It has been ten years since a massive snowstorm coined the “Snowpocalypse” hit Spokane in 2008.
On Dec. 17, 2008, snow began falling in the Inland Northwest before turning into one of the worst Eastern Washington snowstorms of the decade.
According to Chief Meteorologist Tom Sherry, about two feet of snow fell within a 24-hour period.
The streets were a nightmare, according to a 2009 report from KREM. Drivers often could not get from point A to B without getting stuck or getting into a crash. The storm even forced Spokane Public Schools and the Spokane Transit Authority to shut down.
STA tried to put chains on its buses but the buses just ended up getting stuck in traffic with the cars. It was the most difficult for bus drivers, some of whom ended up walking. Some of the drivers even spent the night at STA headquarters to try and help.
It took more than a week to get the massive berms and abandoned cars moved out of downtown so bus routes could finally pick up again.
STA wrapped up the experience in one word: "Exhausting."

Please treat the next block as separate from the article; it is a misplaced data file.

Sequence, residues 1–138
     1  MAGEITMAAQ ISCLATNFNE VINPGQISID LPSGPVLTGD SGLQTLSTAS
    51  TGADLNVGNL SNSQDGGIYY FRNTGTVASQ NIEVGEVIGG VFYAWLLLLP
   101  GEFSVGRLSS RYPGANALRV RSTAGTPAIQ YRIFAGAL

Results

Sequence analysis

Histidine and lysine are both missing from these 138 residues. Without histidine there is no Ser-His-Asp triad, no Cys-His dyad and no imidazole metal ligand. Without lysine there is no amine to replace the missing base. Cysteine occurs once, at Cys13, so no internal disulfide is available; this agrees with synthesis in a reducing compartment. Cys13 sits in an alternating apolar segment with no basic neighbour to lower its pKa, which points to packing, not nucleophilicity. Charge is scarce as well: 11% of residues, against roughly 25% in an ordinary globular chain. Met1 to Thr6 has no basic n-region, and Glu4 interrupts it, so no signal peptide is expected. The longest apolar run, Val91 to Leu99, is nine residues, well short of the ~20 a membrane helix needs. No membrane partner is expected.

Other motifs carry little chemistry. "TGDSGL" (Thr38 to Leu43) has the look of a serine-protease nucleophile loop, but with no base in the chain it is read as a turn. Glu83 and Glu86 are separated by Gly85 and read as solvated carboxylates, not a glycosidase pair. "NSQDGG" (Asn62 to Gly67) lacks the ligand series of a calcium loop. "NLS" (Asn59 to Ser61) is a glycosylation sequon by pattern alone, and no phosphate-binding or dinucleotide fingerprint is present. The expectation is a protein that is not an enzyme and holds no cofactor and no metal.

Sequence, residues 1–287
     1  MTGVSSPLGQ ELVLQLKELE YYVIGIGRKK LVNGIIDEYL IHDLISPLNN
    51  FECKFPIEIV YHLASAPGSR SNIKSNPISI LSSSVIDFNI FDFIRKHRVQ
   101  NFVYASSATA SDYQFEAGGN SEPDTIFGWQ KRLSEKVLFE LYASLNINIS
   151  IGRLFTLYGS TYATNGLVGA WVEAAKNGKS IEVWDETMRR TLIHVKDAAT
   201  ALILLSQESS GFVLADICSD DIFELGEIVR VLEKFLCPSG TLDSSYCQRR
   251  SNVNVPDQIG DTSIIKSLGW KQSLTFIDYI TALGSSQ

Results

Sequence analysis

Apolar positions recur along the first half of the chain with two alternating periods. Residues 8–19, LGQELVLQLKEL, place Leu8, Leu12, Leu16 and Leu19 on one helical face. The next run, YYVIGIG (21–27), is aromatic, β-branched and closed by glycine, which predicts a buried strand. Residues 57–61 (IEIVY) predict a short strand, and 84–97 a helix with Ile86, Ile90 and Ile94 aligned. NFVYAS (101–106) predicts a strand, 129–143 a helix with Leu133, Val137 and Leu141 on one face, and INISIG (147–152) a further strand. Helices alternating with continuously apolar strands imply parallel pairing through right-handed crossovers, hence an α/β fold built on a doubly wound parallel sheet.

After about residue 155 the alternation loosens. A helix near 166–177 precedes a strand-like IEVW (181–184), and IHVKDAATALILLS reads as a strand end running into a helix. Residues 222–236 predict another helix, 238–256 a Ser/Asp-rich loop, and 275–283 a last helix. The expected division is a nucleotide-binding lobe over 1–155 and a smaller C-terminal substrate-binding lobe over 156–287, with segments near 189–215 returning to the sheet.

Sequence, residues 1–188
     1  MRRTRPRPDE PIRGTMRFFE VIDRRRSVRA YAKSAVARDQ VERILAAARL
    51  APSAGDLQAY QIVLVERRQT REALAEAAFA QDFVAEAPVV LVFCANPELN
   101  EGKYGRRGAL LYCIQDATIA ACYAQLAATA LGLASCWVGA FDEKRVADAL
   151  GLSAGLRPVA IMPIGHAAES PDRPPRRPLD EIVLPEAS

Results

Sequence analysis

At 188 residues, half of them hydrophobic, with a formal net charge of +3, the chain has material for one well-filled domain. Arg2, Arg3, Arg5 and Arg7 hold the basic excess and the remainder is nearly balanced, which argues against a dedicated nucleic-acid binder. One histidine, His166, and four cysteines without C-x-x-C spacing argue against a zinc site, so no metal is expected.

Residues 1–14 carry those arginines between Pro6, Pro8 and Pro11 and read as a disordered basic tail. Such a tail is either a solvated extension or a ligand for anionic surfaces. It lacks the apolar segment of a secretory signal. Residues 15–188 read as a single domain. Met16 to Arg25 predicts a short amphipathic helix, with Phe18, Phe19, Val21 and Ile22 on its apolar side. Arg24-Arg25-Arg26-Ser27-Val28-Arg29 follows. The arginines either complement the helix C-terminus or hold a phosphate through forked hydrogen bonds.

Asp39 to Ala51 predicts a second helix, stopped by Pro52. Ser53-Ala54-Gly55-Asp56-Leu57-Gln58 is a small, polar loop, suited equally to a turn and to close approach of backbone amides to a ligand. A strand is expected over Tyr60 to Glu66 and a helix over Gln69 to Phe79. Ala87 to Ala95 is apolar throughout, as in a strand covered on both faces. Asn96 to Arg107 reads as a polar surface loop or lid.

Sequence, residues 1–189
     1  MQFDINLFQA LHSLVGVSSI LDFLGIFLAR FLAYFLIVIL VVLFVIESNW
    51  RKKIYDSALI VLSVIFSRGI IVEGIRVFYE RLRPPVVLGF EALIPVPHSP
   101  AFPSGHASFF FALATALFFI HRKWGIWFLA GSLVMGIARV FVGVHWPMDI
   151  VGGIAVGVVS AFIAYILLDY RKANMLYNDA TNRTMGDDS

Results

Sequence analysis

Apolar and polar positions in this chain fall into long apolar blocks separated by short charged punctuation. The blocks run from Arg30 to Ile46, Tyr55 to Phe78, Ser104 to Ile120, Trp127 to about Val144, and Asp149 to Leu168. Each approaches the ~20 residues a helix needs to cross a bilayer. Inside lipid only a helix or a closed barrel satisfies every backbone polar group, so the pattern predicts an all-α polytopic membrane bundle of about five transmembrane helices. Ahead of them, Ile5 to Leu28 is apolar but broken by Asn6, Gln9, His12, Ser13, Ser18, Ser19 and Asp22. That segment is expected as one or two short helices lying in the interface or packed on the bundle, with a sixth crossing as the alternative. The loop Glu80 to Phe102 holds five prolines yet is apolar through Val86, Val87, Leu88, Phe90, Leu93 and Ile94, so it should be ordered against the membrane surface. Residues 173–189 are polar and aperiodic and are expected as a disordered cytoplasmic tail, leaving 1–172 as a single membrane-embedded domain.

On the day of the snowstorm, businesses closed up shop, too.
The day will live in infamy as the one that started off the snowiest winter on record. Within the week following the Dec. 17, 2008 snowstorm, Spokane saw the same amount of snow that is typical for an average winter in the area, Sherry said.
As for this year, we are not seeing much snow and temperatures have been far above average.
In late November, Sherry predicted that we would see a warmer winter this year due to El Nino. He said the mountain snowpack forecast is about 80 percent of normal. He also predicted that Eastern Washington and North Idaho will only get 70 to 80 percent of normal snowfall.
Spokane’s forecast is 35 inches of snowfall, with 42 inches in neighboring Coeur d’Alene.
Video story by photojournalist Jeff Bollinger